“They don’t watch reality shows or spend hours online. Nor do they constantly text, raise productive families, or spend their holidays in Thailand.” I would also add that they don’t dye their hair red and paint their nails with ridiculous colours. I read this sentence in the Sunday Times column of Mark Anthony Falzon of the 4th of December 2011.
It is not difficult to decipher that Falzon was writing about the Discalced Carmelite nuns in Cospicua, a group I tend to have quite an interest in due to their charism. Firstly from a sociological viewpoint, their foundress St. Teresa of Avila proves to be quite an inspiring woman. Well, one can only enter St. Peter’s Basilica in the Vatican and glance upwards at the eldest founders of the Church’s religious orders to see that among the army of men, one can observe a lonely woman. It’s her! It’s Teresa, a true feminist by my standards. One who defied the social pressures on women in the 17th century and led a revolution within the Church especially with the whole idea of a monastery.
Not from a religious viewpoint, Falzon has truly summed up the idea of religious life in the cloister, a life of prayer and silence, an idyllic environment for thought and reflection on various matters, but also a good scene for confronting the most difficult person in the world; oneself. As Falzon points out, many people fail to see the real objective of the cloister. They might think that those nuns are wasting their time and that their lives are irrelevant. “I’m sure my dead-quiet and low-profile neighbours would agree that their lives are far from irrelevant.” Who are we to judge others’ life as irrelevant? These nuns may wear long habits, pray for many hours, not have a biological family and a career, but although their life does have its difficulties, they are able to surround themselves with peace. Everyone who steps inside can easily feel it.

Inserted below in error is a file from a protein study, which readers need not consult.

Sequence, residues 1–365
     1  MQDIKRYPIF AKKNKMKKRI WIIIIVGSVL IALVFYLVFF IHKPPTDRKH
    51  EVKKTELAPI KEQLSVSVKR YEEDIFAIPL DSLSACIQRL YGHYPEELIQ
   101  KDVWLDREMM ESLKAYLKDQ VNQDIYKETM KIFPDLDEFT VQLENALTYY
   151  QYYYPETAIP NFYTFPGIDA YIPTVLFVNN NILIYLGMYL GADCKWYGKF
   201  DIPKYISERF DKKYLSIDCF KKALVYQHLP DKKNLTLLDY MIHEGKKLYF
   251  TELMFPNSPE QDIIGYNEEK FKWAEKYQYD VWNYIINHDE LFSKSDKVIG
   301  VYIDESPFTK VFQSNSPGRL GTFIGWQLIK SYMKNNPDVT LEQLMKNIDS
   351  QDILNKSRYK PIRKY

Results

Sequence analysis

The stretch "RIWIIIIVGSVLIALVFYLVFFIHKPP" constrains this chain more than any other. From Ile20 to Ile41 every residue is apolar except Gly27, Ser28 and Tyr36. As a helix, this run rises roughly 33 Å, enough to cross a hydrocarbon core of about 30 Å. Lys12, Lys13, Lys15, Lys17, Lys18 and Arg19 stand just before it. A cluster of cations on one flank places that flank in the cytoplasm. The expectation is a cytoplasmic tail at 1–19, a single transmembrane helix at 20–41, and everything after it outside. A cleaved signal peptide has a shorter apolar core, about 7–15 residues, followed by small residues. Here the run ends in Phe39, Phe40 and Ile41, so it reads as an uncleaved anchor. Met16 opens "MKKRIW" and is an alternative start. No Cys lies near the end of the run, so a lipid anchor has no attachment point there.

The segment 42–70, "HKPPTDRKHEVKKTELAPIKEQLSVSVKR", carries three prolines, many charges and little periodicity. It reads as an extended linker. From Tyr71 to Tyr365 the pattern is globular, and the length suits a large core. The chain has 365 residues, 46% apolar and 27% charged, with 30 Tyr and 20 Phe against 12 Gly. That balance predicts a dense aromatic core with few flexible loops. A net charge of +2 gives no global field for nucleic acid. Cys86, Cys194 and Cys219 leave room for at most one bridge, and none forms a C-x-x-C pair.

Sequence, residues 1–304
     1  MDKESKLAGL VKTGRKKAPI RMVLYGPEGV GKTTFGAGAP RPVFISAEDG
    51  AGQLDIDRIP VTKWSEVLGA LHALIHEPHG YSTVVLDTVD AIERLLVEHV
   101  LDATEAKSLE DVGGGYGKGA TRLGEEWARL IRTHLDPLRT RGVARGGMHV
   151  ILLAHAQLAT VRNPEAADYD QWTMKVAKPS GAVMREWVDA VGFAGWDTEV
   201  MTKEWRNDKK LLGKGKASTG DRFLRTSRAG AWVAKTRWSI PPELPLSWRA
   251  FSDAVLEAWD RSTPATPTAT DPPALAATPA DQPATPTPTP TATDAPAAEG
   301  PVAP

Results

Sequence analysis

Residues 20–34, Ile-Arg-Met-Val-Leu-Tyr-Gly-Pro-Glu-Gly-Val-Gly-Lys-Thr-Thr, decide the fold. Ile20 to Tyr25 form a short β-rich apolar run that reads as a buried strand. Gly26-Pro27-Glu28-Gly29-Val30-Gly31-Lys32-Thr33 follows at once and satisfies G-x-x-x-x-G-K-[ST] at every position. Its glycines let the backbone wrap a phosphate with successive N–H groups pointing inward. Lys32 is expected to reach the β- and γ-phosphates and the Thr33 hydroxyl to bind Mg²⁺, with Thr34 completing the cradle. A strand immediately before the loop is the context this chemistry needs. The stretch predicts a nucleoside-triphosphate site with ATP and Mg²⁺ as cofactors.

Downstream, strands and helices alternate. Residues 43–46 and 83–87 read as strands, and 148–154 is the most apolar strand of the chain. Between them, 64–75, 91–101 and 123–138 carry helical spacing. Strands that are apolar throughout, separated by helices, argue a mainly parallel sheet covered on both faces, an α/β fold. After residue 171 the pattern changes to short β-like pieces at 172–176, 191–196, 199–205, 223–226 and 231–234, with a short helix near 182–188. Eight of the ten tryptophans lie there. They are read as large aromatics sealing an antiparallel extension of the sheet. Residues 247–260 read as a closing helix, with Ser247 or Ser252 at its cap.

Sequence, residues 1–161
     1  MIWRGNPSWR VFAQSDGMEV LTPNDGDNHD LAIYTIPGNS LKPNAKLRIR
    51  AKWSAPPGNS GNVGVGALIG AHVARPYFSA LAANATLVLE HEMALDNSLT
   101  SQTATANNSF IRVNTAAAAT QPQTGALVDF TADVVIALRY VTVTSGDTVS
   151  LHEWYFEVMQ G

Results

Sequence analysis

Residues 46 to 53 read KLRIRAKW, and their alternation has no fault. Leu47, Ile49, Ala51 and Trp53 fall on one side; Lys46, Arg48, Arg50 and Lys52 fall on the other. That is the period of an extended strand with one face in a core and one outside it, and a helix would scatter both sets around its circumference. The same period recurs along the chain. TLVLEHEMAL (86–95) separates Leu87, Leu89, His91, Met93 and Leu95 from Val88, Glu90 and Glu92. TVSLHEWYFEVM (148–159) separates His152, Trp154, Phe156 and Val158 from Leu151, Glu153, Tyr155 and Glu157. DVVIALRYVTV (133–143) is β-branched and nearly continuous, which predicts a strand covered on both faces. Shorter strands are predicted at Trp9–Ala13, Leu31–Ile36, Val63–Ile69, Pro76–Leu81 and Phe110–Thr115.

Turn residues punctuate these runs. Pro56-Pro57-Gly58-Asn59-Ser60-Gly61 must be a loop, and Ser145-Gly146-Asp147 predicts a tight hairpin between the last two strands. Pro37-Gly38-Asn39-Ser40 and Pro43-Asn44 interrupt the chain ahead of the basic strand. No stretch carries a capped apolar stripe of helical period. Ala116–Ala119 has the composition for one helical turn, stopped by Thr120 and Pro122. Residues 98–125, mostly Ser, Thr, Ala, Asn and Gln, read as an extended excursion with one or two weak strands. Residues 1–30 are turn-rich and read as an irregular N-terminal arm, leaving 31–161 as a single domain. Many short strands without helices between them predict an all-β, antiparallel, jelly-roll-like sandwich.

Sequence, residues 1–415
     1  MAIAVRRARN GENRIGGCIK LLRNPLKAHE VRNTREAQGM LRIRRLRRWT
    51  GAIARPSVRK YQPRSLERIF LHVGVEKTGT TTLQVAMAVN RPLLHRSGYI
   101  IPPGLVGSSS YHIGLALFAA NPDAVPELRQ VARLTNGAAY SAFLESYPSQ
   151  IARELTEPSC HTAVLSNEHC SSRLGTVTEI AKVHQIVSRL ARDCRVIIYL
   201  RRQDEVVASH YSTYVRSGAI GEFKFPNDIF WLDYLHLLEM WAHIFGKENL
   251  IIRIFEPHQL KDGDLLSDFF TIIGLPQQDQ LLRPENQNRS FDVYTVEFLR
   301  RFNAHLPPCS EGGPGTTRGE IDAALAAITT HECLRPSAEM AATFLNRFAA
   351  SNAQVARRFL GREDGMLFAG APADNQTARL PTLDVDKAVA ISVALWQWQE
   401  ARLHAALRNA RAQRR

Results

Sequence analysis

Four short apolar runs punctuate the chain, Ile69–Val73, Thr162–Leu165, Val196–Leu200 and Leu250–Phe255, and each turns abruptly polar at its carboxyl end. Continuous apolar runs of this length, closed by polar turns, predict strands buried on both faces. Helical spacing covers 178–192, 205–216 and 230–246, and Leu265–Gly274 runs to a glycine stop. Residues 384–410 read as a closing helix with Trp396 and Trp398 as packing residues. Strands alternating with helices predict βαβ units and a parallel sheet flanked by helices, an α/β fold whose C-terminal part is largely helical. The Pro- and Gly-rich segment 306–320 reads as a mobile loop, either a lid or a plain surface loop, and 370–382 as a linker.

May it be however that the Church has lost some of the importance it used to give to contemplative life? Is the Church so much focused on missionary action and apostolate that it has forgotten about that life behind the iron bars? Undoubtedly the Church still holds this type of life in high esteem. In fact contemplative life has almost been equalled to the heavenly one. So much effort has been done to emulate the peace-giving life in a monastery. The institution of canonical chapters like the one in Birkirkara and the Cottonera ones are a clear example. The canons [actually just priests with an extra title] come together to pray the liturgy of hours, something considered as daily life for the religious.
It may seem though that Catholics are not being trained to appreciate this lifestyle. There is a curious kind of respect towards friars since most people tend to feel more comfortable in confession with a religious rather than a diocesan priest. Some lack of enthusiasm may even be coming from the orders themselves. Why are some monasteries in Malta experiencing a far more decline in vocations than others? I am not referring to the ‘appeal’ of their lifestyle since a person called by God will only find happiness in fulfilling his calling no matter how difficult it is. Children from an early age need to come to appreciate the beauty of religious life since without this charism the Church would not have achieved its current development.
In our consumer culture, there are still people living a life where “God alone is enough” as St. Teresa said. The life of the cloistered nuns features this idea with a radical difference from the type of life that most of us lead. It is good sometimes to visit monasteries and reflect on the lifestyle within them, a life where God is the centre and people are truly living as his creatures, his lovers.